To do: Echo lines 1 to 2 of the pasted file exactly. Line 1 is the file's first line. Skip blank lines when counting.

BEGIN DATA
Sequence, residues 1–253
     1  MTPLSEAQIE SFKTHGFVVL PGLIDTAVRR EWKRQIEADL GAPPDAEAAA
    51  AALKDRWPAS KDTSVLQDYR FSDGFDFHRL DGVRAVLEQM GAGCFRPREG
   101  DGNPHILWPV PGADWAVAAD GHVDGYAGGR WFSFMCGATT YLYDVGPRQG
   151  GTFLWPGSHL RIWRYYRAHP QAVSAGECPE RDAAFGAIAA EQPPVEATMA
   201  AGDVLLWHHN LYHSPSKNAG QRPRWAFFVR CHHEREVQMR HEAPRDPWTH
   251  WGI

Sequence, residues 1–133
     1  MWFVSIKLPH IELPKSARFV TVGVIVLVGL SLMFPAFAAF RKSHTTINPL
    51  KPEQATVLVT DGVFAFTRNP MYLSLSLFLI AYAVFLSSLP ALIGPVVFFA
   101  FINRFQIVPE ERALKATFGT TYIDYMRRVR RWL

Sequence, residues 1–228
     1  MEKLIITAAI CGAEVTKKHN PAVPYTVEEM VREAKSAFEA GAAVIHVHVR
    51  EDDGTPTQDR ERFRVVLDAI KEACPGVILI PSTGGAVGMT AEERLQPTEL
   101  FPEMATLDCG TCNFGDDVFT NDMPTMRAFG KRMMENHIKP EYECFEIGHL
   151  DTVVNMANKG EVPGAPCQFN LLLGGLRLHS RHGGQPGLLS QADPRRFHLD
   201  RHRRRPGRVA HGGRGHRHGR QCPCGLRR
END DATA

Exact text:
Sequence, residues 1–253
     1  MTPLSEAQIE SFKTHGFVVL PGLIDTAVRR EWKRQIEADL GAPPDAEAAA